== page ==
Blog Sponsored by Taylor & Carls, P.A.There are numerous types of rules and restrictions which community associations may wish to consider and implement regarding pets within the community. This article will not address the leashing of pets, or rules requiring owners to pick up after their pets, since these are commonly understood requirements. Instead, some of the alternatives for regulating pets will be briefly discussed below
It is important to distinguish between rules adopted by the Board of Directors, and restrictions contained in the Declaration. If the issue of pets is addressed in the Declaration, the Board cannot adopt rules which are inconsistent with the rights given to owners under the Declaration, and an amendment to the Declaration may be needed. Associations need to review this issue with their legal counsel.
- TYPES OF PETS - Restrictions should address not only dogs and cats, but also birds and other types of pets, and should also clarify which type of animals are prohibited. A very important point for associations to keep in mind is that if the restrictions are not specific as to the types of pets which are permitted and prohibited, an association may encounter problems with “selective enforcement.” This results when associations attempt to enforce restrictions against one type of pet when other types are also prohibited (e.g., if the documents do not permit any pets, and the association does not enforce restrictions against cats, it may lose the right to enforce any restrictions against dogs as well pursuant to recent rulings).
- NUMBER OF PETS - A maximum number of pets should be specified, especially as this relates to dogs.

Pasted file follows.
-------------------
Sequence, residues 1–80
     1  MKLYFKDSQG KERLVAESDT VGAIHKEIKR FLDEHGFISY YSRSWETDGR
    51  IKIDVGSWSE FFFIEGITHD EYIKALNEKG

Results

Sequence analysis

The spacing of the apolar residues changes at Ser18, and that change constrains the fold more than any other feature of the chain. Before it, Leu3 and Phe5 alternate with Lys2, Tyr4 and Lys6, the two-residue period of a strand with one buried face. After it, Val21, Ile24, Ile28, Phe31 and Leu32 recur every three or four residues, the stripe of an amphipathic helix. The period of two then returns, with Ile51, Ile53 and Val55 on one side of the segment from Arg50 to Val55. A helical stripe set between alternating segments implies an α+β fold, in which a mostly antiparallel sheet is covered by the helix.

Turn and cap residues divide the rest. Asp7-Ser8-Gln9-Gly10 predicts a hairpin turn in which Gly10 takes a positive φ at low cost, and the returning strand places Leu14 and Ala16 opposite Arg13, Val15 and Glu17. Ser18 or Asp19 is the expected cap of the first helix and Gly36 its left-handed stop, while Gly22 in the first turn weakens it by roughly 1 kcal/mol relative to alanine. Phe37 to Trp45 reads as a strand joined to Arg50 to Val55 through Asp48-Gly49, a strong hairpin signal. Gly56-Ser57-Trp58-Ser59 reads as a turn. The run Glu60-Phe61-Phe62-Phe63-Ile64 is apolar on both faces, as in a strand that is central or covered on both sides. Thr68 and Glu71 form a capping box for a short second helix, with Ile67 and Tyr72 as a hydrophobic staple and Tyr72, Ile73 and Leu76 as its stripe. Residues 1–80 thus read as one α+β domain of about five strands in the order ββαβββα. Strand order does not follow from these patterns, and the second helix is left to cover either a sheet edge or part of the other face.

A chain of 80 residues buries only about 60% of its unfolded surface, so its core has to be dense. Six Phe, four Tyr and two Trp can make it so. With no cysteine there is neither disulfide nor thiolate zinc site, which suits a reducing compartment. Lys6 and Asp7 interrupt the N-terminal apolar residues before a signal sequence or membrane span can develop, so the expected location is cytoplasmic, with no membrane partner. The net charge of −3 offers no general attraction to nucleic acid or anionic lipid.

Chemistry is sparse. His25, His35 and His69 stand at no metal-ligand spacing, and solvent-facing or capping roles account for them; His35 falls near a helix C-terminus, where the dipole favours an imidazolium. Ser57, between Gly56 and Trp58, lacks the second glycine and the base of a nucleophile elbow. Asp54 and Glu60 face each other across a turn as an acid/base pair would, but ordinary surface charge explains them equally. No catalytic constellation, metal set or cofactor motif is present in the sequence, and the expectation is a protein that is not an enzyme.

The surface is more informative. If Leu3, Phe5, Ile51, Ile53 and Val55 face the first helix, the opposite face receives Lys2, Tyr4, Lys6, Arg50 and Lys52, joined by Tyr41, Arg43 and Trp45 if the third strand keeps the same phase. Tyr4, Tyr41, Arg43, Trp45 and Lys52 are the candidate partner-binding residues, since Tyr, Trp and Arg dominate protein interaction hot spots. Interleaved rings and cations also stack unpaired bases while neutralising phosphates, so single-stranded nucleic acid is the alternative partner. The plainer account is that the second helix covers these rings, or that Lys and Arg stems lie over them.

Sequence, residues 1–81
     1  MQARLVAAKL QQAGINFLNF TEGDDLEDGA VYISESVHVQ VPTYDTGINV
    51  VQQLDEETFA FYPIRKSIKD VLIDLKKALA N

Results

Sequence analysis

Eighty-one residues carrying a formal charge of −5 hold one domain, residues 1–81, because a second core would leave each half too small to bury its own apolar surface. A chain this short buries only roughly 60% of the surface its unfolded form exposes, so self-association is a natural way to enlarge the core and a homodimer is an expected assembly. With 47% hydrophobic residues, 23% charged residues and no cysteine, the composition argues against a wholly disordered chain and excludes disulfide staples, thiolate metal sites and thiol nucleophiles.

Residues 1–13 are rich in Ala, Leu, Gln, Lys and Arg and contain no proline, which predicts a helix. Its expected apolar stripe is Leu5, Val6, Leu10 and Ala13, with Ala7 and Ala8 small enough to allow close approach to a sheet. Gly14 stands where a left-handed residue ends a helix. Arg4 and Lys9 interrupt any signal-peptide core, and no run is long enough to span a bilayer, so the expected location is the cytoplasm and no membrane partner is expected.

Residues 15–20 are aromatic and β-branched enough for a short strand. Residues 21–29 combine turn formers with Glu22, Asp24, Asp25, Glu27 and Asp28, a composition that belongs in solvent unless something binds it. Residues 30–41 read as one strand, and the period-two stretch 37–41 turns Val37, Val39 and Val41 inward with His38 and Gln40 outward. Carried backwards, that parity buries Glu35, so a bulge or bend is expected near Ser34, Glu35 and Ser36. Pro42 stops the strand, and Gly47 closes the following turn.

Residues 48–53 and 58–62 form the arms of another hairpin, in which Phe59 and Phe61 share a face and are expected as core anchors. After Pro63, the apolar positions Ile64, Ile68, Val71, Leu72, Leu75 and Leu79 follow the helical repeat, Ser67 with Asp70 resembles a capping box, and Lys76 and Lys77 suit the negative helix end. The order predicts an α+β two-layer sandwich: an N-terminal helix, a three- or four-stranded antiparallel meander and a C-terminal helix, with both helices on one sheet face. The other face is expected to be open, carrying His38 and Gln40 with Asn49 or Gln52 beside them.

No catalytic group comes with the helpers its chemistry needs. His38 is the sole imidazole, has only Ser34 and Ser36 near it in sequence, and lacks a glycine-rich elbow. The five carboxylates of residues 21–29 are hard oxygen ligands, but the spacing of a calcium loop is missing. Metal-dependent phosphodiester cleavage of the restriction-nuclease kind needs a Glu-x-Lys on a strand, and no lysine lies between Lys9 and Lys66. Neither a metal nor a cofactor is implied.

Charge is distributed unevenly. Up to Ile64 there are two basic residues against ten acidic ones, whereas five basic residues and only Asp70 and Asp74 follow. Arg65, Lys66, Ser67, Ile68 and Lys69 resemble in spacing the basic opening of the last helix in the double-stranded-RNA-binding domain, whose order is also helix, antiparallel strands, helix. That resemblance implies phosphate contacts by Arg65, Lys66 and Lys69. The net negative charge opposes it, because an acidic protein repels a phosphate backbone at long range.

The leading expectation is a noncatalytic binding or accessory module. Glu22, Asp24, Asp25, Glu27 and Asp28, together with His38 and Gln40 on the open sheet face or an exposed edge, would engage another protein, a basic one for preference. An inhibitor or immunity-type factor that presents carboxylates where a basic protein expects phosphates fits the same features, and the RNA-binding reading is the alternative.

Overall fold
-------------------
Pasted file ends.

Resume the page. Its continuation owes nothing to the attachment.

- WEIGHT - This is a very common but problematic restriction, which often results in selective enforcement. If restrictions set a weight limit, such as 30 pounds, it must be enforced consistently or risk being waived.
- BREEDS - Some associations prohibit certain breeds which are known to have vicious or dangerous tendencies. Pit Bulls (and mixes of this breed) are the most common due to their vicious and unpredictable tendencies, and powerful bites. Other breeds which are sometimes prohibited include, but are not limited to, Doberman Pinschers, Rottweilers and German Shepards. It is possible to construct rules so that certain breeds are identified as being “potentially dangerous.”
- INSURANCE AND LIABILITY - Some associations require pet owners to maintain liability insurance. Associations should also be aware of the fact that if a dog is known to have dangerous tendencies, and the Association does not take action to attempt to have the dog muzzled or removed from the community, the association may also have liability for any injuries or damages caused.
- FAIR HOUSING LAWS - Associations also need to be aware of the fact that certain pets may be required to be permitted as a “service animal” or “emotional support animal” for persons with disabilities under state and federal fair housing laws. A homeowner seeking such an exception must present certain evidence, and cannot simply characterize his pet as a service or support animal.
This Blog was prepared by Michael J. Brudny, Esq. of Taylor & Carls, P.A. The information contained herein should not be acted upon without professional legal advice. The opinions expressed herein are as of the date hereof, and this law firm undertakes no obligation to advise of subsequent changes in the law.
The firm of Taylor & Carls, P.A., with offices located in Altamonte Springs, Oldsmar and Palm Coast, Florida, was founded in 1981 and has practiced in the area of community association law since that date. The firm can be reached Toll Free at 1-800-395-6235 or locally at 407-660-1040.